I rarely review cookbooks. Complicated and expensive ingredients, involved cooking methods and lack of kid-friendliness make most cookbooks on the market a source of frustration for me instead of fun. However, when I received the opportunity to review Gather Around the Amish Table: Treasured Recipes and Stories from Plain Communities, I felt that there was something about this book that might make it a more fun book to be able to cook out of and review.
Lucy Leid, the compiler of the cookbook, sent out a call for recipes from among the Amish people in the communities around hers, along with their stories. She received in many responses and took those to create a compilation of recipes that Amish women are using their kitchen, along with any anecdotes about the recipes and the people who are making them. Those anecdotes do so much to add to the charm of the completed recipes. I received so many smiles be reading the stories that went along with the recipes that it made me feel like I knew the families that were sharing the recipes.
As for the recipes themselves, most of them were easy and the ingredients called for are the plain and old fashioned ingredients that most home cooks are likely to have in their kitchens. My daughter and I quickly picked out several to try, and before we knew what we were doing, we had made several recipes, including Strawberry Longcake, Alma’s Breakfast Casserole and Applesauce Raisin Cake. We also have many more pages earmarked with recipes to try. We have not found anything that we’ve made yet that was not delicious. I also love that so many things that I have made from this cookbook so far use my beloved 9 x 13 pan,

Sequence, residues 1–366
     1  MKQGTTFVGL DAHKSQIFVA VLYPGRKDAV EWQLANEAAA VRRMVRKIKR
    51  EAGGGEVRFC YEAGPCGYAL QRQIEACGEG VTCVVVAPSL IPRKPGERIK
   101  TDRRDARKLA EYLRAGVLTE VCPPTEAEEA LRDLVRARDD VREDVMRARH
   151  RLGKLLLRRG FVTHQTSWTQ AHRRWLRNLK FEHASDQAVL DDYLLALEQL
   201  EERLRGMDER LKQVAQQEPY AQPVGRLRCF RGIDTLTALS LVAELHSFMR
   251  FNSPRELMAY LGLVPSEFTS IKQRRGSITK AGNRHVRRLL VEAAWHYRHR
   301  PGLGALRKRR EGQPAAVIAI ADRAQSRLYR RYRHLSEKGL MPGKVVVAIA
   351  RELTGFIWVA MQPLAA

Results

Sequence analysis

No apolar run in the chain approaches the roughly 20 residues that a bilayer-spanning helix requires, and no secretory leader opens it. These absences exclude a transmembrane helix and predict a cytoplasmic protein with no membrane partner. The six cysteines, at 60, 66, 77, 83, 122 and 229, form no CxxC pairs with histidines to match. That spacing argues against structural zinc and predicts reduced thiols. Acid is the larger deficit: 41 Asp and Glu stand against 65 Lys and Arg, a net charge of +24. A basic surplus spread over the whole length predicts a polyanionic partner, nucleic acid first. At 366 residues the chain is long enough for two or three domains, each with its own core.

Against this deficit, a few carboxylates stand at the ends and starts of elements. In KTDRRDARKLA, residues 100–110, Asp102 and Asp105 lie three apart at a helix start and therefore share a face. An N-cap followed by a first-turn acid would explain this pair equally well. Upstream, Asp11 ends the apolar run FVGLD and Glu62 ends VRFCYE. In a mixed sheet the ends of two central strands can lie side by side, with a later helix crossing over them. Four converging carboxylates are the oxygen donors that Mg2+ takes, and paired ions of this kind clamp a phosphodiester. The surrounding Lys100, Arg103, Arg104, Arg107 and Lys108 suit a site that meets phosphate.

I also love that the recipes are so easy. It means that I can invite the children to help me in the kitchen and help them use this book to build their skill and confidence in the kitchen. In fact, as I homeschool mom, I’m using this cookbook as the basis of some baking lessons with my eight year old. There are several different kinds of baked goods including granola, breads, buns, pretzels, doughnuts, cakes, pies, cookies and breakfast breads like pancakes and oatmeal.
My only complaint about this cookbook is that, almost half the pages in it are devoted to different types of desserts. For this woman who is trying to watch her weight, that’s an awful lot of temptation–especially since those are the recipes that my children gravitated toward as we’ve looked through its pages. We’ve made more dessert since we got this cookbook than I’ve made in quite some time.
Still, this is a fantastic resource for the home cook. It’s full of recipes that are simple, kid-friendly and easy for the new (or experienced) cook to make. It’s one I expect to turn to again and again.
Disclaimer: I received a complimentary copy of this book in exchange for an honest review.